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band as captured and devoured by the natives; but there is no other evidence that cannibalism was practiced by them.

The Charruas belonged to the great family of the Guaranies, and their character and disposition are indicated by their name, which in the Guarany language meant fierce and quarrelsome. As a general rule, the various South American tribes were named from some prominent characteristic. Their weapons were the rude arms common to all primitive races, and their utensils, such as are found buried all over the continent-stone hatchets, rough clay pottery, etc.

Three years later, Hernando de Magallanes set sail from the port of San Lucas and, following the same course as Solis, entered the Rio de la Plata, whose stream he ascended some distance and explored the waters of the Uruguay, Guazú, and Paraná rivers in an attempt to penetrate westward in his search of a route to the East Indies, which was the constant object of the explorers of that time. Abandoning the attempt, he left the river and continued his voyage down the coast of Patagonia, until driven back by the cold storms.

On the 1st of April, 1526, Sebastian Cabot left Seville for the Moluccas, but, deciding to follow in the route of Solis, reached the Rio de la Plata. He sent an expedition under his lieutenant, Juan Alvarez Ramon, to explore the country along the Uruguay, but the band was attacked by the Charruas, and its leader killed, with many of his followers. Cabot himself ascended the Plata, exploring the west shore, and entering the Paraná, pushed his expedition as far as the great falls called Salto de Agua. Returning, he entered the Paraguay, which he ascended as far as Bermejo.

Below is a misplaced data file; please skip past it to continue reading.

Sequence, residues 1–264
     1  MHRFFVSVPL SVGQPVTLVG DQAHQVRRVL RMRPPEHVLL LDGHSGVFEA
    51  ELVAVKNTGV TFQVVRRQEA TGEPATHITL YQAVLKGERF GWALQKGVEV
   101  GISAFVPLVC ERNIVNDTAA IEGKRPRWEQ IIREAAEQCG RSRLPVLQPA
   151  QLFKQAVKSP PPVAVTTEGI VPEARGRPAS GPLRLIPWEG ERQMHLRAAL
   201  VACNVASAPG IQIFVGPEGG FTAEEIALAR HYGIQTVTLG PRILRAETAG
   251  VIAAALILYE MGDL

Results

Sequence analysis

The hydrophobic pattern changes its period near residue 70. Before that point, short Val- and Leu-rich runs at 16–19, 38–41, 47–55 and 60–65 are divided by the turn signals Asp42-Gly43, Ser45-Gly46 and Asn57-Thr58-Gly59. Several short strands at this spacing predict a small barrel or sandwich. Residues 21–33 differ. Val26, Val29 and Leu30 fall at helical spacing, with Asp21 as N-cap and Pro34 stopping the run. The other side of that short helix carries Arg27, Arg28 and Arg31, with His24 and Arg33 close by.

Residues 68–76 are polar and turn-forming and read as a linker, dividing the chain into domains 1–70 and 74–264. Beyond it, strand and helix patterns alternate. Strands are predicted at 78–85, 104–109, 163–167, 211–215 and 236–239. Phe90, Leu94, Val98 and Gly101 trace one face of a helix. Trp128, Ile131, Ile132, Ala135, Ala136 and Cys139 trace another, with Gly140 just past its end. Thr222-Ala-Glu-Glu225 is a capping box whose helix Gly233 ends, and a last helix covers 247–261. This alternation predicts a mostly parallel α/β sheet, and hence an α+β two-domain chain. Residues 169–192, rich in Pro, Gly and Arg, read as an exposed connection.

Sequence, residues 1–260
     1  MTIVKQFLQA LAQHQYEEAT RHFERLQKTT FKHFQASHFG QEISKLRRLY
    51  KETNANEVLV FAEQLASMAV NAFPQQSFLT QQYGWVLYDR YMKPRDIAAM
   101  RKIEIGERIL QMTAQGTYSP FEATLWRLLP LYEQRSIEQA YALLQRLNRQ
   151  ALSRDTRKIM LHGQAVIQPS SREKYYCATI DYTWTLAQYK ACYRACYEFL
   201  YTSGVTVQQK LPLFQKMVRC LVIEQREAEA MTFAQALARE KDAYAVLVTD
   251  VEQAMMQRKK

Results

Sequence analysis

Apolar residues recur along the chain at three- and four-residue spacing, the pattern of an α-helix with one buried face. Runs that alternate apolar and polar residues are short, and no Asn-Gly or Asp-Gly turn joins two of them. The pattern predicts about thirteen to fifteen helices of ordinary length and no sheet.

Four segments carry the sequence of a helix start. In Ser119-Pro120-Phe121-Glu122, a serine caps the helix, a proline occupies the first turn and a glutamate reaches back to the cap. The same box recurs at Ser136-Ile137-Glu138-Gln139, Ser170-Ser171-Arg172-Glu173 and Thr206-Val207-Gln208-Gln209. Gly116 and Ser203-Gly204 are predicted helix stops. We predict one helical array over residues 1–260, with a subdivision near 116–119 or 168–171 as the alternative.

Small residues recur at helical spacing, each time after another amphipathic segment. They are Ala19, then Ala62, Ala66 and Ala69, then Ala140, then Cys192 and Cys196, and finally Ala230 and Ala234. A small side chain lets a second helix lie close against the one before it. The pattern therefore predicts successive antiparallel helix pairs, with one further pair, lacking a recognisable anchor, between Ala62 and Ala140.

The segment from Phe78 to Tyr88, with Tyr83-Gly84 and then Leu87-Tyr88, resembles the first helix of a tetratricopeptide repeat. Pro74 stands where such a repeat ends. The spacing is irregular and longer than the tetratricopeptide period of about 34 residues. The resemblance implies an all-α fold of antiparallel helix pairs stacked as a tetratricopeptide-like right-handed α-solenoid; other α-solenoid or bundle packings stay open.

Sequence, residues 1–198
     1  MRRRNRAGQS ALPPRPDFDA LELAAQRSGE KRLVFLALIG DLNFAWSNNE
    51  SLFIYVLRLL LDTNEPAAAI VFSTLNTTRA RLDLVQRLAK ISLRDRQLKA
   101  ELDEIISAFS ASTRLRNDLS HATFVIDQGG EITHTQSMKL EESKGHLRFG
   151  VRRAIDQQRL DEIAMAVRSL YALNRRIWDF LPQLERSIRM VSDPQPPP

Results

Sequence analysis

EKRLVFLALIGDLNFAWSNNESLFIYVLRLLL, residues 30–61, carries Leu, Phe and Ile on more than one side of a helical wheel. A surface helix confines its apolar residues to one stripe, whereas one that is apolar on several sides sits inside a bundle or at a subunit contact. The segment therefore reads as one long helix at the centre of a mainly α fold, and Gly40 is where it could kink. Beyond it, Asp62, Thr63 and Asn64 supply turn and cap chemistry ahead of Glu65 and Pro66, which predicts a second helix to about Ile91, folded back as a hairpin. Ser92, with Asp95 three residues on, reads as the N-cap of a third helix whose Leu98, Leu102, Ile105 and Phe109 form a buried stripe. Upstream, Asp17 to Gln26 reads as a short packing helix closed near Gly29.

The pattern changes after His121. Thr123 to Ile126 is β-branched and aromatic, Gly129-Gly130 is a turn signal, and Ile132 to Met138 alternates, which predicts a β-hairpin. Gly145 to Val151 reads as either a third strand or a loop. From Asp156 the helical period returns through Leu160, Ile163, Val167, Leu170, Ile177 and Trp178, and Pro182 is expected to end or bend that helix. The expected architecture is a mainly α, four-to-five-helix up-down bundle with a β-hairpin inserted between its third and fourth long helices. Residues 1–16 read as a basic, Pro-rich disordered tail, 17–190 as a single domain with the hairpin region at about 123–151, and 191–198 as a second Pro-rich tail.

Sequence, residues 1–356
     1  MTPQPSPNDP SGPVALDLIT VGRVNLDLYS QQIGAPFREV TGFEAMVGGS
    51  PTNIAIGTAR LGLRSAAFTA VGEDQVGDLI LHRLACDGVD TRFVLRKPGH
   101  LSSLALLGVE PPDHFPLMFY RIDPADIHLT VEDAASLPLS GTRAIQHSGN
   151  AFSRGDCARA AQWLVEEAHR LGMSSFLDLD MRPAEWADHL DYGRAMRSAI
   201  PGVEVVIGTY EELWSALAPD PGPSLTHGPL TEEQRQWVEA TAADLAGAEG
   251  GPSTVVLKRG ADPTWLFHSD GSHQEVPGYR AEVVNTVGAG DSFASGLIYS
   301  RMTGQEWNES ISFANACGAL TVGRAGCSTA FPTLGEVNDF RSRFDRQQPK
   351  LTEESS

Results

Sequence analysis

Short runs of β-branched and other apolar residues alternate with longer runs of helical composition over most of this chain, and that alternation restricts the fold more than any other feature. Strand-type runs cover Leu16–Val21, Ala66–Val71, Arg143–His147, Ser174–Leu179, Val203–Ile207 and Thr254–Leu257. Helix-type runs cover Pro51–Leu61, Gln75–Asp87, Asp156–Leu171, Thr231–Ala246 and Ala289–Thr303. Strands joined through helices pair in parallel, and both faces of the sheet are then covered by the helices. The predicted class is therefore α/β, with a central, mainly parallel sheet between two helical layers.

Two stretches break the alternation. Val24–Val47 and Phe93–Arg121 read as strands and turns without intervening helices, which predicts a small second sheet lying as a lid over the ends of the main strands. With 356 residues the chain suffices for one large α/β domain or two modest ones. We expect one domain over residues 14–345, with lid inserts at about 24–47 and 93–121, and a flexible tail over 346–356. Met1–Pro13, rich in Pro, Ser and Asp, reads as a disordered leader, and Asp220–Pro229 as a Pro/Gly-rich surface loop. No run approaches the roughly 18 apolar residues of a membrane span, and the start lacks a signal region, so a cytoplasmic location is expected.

After these explorations and against the fierce and determined opposition of the savages, who resisted desperately every advance of the strangers, the first attempts at occupation of the region were made by the establishment of military posts and settlements along the explored streams. In 1527, Cabot directed the erection of the

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first fort constructed in the " Banda Oriental," or belt of country east of the Uruguay. It was situated on the river San Salvador as a protection against the attacks of the natives, and was held until 1580, when it was abandoned by its garrison.

In 1550, Capt. Juan Romero was sent from Asuncion to make the first settlement within the present limits of Uruguay, and established himself on the San Juan, giving to the settlement the name of San Juan Bautista. Two years later, the place was abandoned by the colonists, who had become disheartened and unable to resist the continued attacks of the savages. A settlement was begun in 1574 at the place where Cabot had established his fort, on the San Salvador, and was called by the name of that river. This colony also had been sent from Paraguay, and, like the last named, was abandoned by the settlers, who returned to Paraguay, worn out by the unrelenting warfare waged upon them by the natives, and lacking the means of subsistence.